My thesis broadly examines the discursive and material implications of conservation practice in marine spaces and its outcomes on people and wildlife. My research draws upon the framework of political economy/ecology of conservation practice and fisheries. The motivation behind this study is that the artisanal fishers are framed as a threat to wildlife and conservation in general due to population growth, unsustainable fishing practice and degradation of the ecosystem as a result of poverty. Such discursive framing of artisanal fisheries has clear material implications on the day to day lives of the people. My thesis takes a position that the artisanal fisheries are located within the larger political economy of conservation, development and security of the state. I conducted fieldwork in the Palk Bay and Gulf of Mannar areas, adjoining Ramanathapuram District of Tamil Nadu in India.
Muralidharan, R and Rai, N.D. (2020) Violent maritime spaces: Conservation and security in Gulf of Mannar Marine National Park, India. Political Geography, 80(6). DOI: https://doi.org/10.1016/j.polgeo.2020.102160
Muralidharan, R. (2018). Entangled lives of dolphins and fishers. Seminar (Vol. 702, pp. 62-65). https://goo.gl/xJ3hdd
Muralidharan, R. and Ramesh, M. (2017). Marine protected areas in India: Protection for whom? In: Occupation of the Coast: Blue Economy in India. Programme for Social Action, New Delhi. 102-104. https://goo.gl/8YdaxL
Sutaria D., Panicker D., Jog K., Sule M., Muralidharan R., Bopardikar I., (2015). Humpback Dolphins (Genus Sousa) in India: An Overview of Status and Conservation Issues. In: Thomas A. Jefferson and Barbara E. Curry, editors, Advances in Marine Biology, Vol. 72, Oxford: Academic Press, pp. 229-256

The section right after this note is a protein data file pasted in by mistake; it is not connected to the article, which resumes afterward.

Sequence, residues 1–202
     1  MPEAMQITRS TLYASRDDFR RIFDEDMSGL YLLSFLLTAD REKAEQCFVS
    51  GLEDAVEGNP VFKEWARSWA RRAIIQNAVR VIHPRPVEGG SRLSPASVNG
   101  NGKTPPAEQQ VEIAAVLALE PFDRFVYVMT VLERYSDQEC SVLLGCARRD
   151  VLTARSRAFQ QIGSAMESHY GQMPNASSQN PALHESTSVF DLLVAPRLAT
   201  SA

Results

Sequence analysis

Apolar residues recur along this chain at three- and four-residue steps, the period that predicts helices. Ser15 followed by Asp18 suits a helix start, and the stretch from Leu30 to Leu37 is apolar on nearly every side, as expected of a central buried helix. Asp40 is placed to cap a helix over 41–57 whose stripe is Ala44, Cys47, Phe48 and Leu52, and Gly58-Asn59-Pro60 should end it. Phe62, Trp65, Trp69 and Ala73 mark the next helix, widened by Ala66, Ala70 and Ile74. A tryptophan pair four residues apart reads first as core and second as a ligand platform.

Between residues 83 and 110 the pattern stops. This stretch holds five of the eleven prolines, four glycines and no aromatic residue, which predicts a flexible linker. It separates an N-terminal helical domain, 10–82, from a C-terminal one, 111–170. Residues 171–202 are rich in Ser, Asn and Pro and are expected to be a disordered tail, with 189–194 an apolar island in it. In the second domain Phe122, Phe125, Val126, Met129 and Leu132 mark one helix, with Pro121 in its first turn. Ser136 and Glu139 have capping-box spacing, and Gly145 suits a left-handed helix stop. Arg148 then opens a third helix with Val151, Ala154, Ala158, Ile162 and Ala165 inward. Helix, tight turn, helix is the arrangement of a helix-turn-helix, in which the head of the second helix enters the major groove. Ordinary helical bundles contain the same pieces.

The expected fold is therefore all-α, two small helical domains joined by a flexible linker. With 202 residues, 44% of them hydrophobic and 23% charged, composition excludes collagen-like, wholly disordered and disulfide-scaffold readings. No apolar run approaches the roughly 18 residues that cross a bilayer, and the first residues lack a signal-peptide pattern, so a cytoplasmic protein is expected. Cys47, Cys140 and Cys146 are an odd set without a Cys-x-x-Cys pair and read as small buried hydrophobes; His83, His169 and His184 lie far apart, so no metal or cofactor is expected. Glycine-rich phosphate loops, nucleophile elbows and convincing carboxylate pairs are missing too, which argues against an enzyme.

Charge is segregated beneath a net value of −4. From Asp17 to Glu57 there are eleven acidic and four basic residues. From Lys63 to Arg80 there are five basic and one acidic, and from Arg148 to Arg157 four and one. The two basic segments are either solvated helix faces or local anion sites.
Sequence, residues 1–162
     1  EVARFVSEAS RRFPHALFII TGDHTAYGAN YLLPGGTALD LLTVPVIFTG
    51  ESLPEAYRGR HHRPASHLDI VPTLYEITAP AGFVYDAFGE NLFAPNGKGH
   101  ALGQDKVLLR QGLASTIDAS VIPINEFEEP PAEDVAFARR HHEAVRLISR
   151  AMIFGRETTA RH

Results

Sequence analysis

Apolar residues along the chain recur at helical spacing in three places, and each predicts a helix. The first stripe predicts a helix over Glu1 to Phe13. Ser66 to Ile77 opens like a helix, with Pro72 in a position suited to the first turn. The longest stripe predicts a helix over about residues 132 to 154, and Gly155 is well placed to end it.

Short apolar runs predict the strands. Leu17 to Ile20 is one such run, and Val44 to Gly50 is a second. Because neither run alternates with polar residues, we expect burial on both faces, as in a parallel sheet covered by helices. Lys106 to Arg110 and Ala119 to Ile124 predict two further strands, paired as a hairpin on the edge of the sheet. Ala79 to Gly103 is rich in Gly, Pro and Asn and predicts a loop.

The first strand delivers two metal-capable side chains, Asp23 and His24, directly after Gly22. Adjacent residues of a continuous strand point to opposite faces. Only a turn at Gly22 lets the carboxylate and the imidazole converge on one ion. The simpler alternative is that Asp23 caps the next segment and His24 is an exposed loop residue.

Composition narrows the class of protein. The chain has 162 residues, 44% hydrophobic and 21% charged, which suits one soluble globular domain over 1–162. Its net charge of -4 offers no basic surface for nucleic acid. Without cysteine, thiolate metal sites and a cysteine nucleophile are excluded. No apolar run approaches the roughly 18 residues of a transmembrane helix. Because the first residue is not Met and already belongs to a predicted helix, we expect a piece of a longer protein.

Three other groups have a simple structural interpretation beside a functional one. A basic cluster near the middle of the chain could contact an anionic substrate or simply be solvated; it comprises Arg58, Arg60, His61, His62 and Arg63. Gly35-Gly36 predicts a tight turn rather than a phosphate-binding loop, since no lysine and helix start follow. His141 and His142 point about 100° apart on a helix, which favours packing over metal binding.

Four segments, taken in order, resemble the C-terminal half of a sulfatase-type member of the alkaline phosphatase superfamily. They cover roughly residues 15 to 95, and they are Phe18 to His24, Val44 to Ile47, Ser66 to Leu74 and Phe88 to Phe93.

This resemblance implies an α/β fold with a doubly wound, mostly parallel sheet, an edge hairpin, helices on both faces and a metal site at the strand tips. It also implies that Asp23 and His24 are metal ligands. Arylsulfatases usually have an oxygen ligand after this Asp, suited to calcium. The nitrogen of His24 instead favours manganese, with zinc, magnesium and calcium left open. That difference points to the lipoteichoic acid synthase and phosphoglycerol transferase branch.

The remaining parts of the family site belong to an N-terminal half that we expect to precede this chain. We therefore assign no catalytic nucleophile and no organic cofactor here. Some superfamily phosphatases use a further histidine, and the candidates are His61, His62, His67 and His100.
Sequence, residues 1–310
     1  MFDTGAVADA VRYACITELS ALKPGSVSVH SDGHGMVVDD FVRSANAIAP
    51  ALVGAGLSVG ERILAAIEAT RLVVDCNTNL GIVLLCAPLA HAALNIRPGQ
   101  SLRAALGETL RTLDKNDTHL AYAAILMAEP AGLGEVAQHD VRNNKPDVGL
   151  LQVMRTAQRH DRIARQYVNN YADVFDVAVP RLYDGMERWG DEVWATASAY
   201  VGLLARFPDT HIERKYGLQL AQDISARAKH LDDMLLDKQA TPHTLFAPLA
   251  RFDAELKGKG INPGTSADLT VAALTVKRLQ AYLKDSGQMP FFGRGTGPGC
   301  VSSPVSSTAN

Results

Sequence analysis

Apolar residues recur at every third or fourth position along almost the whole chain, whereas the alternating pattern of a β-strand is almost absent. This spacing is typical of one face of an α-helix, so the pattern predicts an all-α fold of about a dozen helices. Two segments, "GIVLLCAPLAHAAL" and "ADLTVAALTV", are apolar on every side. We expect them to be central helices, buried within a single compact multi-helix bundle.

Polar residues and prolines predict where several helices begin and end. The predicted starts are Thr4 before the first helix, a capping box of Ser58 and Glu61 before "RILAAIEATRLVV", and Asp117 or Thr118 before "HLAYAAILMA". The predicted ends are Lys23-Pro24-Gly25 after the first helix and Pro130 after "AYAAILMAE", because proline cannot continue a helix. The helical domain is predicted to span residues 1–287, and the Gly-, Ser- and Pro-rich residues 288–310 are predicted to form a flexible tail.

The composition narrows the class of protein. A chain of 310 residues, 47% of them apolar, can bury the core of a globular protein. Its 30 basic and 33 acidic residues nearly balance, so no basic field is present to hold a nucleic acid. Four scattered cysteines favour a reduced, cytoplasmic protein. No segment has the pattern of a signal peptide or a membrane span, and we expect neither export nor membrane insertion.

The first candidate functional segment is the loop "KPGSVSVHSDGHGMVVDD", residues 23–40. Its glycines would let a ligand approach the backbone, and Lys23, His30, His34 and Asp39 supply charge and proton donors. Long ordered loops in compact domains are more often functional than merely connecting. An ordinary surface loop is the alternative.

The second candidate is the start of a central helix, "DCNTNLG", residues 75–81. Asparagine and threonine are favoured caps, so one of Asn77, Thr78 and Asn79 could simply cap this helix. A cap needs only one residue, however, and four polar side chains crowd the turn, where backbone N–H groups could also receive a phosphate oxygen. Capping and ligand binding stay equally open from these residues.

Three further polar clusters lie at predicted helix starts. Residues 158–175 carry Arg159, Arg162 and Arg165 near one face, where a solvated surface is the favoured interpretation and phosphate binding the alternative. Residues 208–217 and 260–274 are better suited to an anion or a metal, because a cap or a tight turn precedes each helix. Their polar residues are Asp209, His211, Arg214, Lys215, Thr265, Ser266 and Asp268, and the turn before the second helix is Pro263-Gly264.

Muralidharan, R. (2013). Sightings and behavioral observations of Indo-Pacific Humpback Dolphins Sousa chinensis (Osbeck, 1765) along Chennai coast, Bay of Bengal. Journal of Threatened Taxa, 5(15), 5002-5006. https://doi.org/10.11609/JoTT.o3454.5002-6
Ongi [18 min]: https://www.youtube.com/watch?v=0Q3aoWQ8TkI
Ongi, shot in the Palk Bay and Gulf of Mannar in Ramanathapuram district of Tamil Nadu, traces the conflict between humpback dolphins and artisanal fisheries. It journeys into the lives of artisanal fishers, who share a common narrative of displacement and loss of fishing livelihoods, to reveal how and why this conflict occurs.
Selected popular writing
Living with humpback dolphins and fishers: A photo story [Link: https://goo.gl/t3NqYV | AYRN blog, March 2017]
What the 45-Day Annual Fishing Ban in Tamil Nadu Means for Fisheries Conservation [Link: https://goo.gl/R8mXD3 | The Wire, April 2017]
Open Letter: Why Is Tamil Nadu Neglecting Its Artisanal Fishers? [Link: https://goo.gl/ydDX13 | The Wire, July 2017]
Why eating seafood responsibly is a not a solution to the fisheries crisis [Link: https://goo.gl/v835Yp | The News Minute, December 2017]
Rufford Small Grants for Nature Conservation (2016), The Rufford Foundation, UK | Project title: Conservation on a contested coast: Indo-Pacific humpback dolphins and fisheries interactions in Tamil Nadu, India.
Mini-Grants in Marine Conservation (2016), Duke University Marine Lab, USA | Project title: Exploring data-collection methods for cetacean stranding in Chennai coast, Tamil Nadu, India
Small grants in aid of research (2014), Society for Marine Mammology, USA | Project title: Assessing the presence and movements of Indo-Pacific humpback dolphins (Sousa chinensis) in the south-east coast of India
Global Fellowships in Marine Conservation (2014) at Duke University Marine Lab, Beaufort, NC, USA